This posture stands in stark contrast to the “hero’s story” that essential workers have been encouraged to identify with in the midst of the Covid-19 crisis. Somehow, amid another push and another swing, essential workers advocating for fair pay, overtime incentives and ethical staff ratios are meeting resistance. rude from the hospital. The language of “essential workers” has proven to be nothing more than lip service as the University of Michigan Hospital seeks to inflate its profits by squeezing nurses – and therefore patients.

Some nurses see the changes as a result of Michigan Medicine’s move to a corporate hospital model. The priority given to profit over patients is embodied in their “conciergewhich allows affluent patients to skip the queues and get fast, high-quality care while “normal” patients linger in overcrowded ERs. This change is consistent with capitalism’s push for “innovation” which always results in a more “modern” and “efficient” system that benefits the most important financial interests and does nothing to improve the quality of care or the ‘access. In other words, the institutions provide the bare minimum of care, keeping the working class just well enough to show up for work and perform the essential tasks that keep the system running and the bosses raking in profits.

Nurses are tough – they have shouldered much of the burden during the pandemic. Now they are standing up for themselves and each other demanding safe working conditions, decent pay and to be treated with dignity by the administration. Michigan Medicine so far appears to be stonewalling the nurses — threatening to rewrite the entire contract, refusing to make concessions on hiring practices and offering only a 3% raise despite record inflation. Now that the contract has expired, according to MNA-UMPNC, the administration withholds step pay increases and demands 101 concessions.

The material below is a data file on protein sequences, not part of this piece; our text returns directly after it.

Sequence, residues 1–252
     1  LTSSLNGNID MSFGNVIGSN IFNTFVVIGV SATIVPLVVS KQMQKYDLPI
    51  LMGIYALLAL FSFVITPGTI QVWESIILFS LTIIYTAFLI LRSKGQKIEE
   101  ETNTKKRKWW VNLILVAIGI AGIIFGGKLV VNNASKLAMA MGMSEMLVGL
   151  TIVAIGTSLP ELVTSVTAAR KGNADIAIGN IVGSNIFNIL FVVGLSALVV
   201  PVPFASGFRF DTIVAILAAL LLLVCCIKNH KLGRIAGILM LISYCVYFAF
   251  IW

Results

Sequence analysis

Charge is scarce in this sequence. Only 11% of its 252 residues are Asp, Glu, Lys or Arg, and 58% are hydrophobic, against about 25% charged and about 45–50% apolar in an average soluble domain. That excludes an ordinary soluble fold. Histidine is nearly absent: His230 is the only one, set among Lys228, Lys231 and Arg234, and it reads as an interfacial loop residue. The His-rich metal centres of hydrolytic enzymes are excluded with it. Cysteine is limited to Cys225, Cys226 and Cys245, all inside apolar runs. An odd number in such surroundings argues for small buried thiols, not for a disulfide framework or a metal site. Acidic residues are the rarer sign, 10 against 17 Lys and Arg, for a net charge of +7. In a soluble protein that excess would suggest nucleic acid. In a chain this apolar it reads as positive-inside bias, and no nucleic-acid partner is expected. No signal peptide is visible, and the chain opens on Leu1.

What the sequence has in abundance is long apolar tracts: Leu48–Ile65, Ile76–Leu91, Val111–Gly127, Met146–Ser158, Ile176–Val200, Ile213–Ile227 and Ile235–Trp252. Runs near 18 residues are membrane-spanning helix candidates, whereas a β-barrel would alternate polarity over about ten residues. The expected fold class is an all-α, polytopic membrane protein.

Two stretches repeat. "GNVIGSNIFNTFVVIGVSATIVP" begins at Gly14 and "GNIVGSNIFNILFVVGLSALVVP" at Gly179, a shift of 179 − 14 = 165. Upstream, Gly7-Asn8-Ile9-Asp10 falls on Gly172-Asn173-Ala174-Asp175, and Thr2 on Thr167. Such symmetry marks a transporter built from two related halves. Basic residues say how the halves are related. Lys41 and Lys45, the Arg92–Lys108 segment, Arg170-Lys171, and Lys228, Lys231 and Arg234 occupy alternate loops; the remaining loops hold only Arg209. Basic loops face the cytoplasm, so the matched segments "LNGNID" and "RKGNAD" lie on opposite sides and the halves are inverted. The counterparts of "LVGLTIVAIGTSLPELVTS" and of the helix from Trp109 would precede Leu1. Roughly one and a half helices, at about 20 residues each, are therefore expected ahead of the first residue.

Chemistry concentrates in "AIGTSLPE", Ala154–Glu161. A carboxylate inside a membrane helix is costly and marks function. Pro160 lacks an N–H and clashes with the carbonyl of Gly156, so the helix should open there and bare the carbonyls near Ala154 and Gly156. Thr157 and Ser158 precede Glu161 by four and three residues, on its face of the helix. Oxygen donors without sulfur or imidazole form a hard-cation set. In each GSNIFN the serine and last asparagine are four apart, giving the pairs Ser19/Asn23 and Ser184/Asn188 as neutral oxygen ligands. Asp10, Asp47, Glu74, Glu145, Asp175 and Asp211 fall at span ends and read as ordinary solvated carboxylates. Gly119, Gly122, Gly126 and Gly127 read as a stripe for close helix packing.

After two traumatic, exhausting years, and following a major exodus of nurses from the field, UM nurses are now forced to fight to be able to provide the quality of care that people deserve. One thing is clear, though: Michigan nurses aren’t afraid to strike. They’ve done it before in 1989 and 2018. Now it looks like they may have to do it again if they want the University to hear their voice. Through long and difficult experience, nurses know precisely how essential their work is. They are tired of being exploited and abused by the hospital administration for the sake of maximizing profits. If Michigan nurses want to earn a better contract and the respect they deserve, they’ll have to flex their muscles and strike. Against the knee-jerk reaction that striking nurses are “abandoning their patients,” the truth is that conditions at the hospital are already bad. Strikes are not vacations — they are a way for nurses to fight for better outcomes for themselves and their patients. Hospital administrators need to understand that nurses provide care, not investors.

The nurses’ contract ended on June 30 at midnight, with no agreement in sight. Union leadership called an information picket July 16 at 10 a.m. from Fuller Field Park in Ann Arbor, MI. If you are in the area, join us in solidarity.